In March of 2015, the sun exploded. Not all the way, of course, but a massive solar flare sent a shockwave rippling toward Earth that created the most jarring disturbance of the planet’s magnetic field in the last decade.
The solar flare, technically called a “coronal mass ejection,” and resulting geomagnetic storm threw off the Earth’s Van Allen radiation belts — a region of Earth’s outer atmosphere ensconced between layers of the magnetic field and home to a particularly nasty blanket of radiation. Fortunately, NASA’s Van Allen Probes caught the whole thing on their instruments, and recorded the unprecedented findings, which are now published in the Journal of Geophysical Research
The tight relationship between the magnetosphere and Van Allen belts means a geomagnetic storm could seriously impact life for humans down here by damaging critical technology like communications instruments and power grids. The only way to tell what the damage might be, however, is to get a close look.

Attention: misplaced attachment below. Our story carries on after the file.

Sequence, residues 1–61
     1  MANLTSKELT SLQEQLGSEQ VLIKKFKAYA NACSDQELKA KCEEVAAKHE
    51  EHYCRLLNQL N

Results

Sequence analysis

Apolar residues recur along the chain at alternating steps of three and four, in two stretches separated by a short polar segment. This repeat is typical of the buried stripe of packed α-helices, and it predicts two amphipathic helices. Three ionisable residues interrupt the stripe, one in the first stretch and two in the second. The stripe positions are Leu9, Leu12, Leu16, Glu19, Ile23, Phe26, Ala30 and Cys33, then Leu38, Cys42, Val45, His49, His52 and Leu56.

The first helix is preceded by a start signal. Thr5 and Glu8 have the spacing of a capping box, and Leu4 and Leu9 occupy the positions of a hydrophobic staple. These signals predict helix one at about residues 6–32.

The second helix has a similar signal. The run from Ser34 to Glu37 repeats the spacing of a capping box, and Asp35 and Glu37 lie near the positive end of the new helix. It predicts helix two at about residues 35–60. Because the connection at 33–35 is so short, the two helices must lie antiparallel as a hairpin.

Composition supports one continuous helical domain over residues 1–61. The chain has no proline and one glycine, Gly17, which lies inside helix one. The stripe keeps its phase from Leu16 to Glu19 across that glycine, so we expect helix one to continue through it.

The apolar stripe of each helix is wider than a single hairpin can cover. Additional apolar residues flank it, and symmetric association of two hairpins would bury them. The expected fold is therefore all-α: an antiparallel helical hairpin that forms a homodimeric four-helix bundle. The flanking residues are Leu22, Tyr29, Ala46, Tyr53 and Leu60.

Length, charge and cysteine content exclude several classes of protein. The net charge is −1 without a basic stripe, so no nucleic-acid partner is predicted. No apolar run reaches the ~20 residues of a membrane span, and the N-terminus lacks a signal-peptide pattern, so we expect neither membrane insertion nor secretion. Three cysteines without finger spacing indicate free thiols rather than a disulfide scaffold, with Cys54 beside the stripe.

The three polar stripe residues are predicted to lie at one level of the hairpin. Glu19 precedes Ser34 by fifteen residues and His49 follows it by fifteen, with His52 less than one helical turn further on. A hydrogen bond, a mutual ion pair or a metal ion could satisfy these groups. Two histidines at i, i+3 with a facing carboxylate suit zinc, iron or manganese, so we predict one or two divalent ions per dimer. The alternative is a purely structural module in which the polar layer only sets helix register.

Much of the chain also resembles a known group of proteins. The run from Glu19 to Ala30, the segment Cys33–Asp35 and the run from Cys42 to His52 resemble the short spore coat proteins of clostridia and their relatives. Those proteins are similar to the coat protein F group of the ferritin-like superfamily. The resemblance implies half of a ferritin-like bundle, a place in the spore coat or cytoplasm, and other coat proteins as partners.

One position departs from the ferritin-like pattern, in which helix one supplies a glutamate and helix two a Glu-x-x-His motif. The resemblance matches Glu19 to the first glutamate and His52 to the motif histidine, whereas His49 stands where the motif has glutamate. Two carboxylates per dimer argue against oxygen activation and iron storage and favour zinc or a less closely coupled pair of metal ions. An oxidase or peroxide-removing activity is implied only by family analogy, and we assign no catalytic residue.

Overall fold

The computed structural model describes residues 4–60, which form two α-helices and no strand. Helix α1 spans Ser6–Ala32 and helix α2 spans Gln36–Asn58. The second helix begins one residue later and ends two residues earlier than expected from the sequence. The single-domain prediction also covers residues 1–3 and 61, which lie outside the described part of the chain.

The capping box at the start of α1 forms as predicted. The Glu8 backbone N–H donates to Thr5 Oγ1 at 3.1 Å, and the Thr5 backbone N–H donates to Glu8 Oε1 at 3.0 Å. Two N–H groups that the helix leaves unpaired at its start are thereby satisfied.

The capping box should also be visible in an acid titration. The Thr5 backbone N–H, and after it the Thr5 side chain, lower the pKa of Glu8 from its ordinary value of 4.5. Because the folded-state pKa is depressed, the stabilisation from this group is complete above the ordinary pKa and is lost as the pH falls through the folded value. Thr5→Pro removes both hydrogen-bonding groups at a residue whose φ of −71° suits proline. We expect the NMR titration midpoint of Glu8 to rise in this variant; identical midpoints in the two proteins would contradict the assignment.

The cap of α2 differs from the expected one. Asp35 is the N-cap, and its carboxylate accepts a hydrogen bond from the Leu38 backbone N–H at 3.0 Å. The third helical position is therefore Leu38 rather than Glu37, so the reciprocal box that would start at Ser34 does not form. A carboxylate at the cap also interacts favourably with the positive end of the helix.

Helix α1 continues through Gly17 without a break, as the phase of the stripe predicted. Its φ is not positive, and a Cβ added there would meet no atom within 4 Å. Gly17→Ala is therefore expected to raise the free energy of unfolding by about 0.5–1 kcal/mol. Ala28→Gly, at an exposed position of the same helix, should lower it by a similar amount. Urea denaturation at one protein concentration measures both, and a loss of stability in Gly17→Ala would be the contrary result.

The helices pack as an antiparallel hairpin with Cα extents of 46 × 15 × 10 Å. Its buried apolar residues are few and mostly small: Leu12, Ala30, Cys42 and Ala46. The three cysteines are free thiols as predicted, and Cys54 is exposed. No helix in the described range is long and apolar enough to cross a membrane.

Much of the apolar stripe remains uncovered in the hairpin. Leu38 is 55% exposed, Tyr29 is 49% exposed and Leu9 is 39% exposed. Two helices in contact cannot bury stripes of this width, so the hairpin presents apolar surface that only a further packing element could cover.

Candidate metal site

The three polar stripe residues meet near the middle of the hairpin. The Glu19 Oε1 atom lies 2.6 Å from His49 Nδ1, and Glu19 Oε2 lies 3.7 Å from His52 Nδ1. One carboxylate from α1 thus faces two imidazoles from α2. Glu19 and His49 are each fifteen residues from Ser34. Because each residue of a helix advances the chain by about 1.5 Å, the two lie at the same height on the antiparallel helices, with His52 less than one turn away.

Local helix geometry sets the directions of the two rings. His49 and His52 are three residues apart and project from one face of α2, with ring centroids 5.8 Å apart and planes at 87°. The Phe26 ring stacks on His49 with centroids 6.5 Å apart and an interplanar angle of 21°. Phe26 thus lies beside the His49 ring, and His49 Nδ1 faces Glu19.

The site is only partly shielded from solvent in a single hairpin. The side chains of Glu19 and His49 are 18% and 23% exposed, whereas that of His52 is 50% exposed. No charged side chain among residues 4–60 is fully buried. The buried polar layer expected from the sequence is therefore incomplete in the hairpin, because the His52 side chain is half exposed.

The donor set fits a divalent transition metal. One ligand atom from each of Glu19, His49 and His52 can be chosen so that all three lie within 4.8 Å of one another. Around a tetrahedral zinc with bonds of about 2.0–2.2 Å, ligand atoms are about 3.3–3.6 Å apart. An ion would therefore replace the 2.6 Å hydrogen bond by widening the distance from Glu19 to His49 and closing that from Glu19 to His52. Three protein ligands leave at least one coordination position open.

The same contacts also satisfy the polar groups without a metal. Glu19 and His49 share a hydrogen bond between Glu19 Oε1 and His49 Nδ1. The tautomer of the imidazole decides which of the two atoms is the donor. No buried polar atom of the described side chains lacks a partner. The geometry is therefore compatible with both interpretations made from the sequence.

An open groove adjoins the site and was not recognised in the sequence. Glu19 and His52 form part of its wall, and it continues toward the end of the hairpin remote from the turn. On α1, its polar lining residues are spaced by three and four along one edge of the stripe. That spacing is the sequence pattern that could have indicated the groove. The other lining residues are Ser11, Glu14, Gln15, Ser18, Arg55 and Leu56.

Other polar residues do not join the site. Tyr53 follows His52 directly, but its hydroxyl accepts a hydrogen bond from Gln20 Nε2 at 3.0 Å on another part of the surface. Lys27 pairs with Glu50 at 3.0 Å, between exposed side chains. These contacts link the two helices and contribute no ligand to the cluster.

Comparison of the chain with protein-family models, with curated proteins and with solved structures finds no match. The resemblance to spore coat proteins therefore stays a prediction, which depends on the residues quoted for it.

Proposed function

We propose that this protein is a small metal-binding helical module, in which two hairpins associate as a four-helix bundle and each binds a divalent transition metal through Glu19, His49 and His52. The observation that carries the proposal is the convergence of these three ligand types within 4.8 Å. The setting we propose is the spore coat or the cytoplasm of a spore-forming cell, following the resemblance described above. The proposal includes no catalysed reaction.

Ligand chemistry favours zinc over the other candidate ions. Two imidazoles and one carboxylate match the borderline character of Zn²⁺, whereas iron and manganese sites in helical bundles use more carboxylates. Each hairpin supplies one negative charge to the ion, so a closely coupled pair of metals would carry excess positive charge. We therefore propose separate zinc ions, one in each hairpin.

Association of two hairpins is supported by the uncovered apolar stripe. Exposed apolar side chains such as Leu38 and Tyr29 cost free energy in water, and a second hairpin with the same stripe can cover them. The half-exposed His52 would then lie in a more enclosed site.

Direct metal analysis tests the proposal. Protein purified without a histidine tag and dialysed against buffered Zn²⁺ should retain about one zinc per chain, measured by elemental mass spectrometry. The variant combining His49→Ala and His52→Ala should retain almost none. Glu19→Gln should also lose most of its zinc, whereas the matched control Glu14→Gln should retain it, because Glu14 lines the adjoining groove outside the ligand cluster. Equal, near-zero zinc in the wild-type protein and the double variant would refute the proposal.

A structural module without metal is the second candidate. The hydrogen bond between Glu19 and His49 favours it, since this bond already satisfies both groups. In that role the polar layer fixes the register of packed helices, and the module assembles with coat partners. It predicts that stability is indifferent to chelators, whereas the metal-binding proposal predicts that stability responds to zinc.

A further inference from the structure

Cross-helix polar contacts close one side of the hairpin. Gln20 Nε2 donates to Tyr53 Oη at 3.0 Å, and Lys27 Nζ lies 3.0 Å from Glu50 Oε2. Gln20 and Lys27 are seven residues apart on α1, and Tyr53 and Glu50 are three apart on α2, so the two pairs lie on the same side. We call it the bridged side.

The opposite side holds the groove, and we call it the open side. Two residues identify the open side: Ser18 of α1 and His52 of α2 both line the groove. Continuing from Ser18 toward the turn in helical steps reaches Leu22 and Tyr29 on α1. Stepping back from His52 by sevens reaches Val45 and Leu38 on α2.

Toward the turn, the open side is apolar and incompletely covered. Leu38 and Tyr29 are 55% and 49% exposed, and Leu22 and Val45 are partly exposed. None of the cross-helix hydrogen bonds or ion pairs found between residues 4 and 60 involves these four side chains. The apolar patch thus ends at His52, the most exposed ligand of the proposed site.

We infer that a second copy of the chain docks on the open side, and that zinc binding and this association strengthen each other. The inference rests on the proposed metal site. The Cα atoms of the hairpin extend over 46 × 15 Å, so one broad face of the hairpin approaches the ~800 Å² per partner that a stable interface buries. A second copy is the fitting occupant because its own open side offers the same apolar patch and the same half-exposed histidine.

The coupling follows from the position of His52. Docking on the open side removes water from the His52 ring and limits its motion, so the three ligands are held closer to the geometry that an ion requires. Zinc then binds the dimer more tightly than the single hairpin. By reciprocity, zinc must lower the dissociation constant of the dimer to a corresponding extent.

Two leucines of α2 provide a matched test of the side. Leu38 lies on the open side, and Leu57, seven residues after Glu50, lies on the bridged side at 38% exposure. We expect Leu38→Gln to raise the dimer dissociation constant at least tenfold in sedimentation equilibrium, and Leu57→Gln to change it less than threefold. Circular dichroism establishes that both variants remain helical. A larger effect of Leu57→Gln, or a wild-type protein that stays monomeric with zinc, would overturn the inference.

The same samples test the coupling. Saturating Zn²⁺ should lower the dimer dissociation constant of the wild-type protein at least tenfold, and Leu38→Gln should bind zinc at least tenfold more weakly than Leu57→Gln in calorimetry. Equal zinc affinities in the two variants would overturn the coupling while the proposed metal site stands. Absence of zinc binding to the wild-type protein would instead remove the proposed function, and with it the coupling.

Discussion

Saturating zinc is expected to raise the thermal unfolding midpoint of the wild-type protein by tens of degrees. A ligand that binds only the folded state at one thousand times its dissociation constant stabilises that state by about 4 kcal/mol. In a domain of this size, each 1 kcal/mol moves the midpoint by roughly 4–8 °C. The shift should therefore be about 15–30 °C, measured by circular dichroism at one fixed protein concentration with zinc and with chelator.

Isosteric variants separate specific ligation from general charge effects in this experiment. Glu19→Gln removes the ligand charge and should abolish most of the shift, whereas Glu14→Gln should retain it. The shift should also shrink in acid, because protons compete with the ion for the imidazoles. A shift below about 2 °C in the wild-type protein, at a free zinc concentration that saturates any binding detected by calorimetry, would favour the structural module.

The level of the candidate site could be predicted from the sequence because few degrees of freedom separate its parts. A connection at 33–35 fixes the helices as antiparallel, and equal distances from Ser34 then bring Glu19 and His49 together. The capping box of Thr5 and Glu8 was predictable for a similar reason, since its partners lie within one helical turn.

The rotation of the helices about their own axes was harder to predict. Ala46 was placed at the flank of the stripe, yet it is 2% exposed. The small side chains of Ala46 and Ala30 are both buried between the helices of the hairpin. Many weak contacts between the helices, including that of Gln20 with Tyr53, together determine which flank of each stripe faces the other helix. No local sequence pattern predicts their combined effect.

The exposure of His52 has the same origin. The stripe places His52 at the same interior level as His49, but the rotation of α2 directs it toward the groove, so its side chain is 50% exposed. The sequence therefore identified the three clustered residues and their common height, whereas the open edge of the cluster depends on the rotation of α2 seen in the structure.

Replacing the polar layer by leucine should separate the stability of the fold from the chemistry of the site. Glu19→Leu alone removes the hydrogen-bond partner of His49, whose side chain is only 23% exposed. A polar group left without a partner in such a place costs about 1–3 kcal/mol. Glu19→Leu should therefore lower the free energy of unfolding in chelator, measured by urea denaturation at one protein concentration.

Luckily, on that fateful spring day last year, one of NASA’s Van Allen probes just happened to be orbiting right through the belts and captured the very rare phenomenon in high-resolution.
The spacecraft measured pulses of electrons that were energized to speeds nearly as fast as light. Although the shockwave from the coronal mass ejection soon dissipated, it left behind a very dynamic radiation environment that persisted for many days afterward. Understanding exactly how this radiation behaves in the aftermath is key to knowing more about how our planet interacts with the sun, as well as how humans can protect vital equipment in orbit and on the surface from being fried by space weather.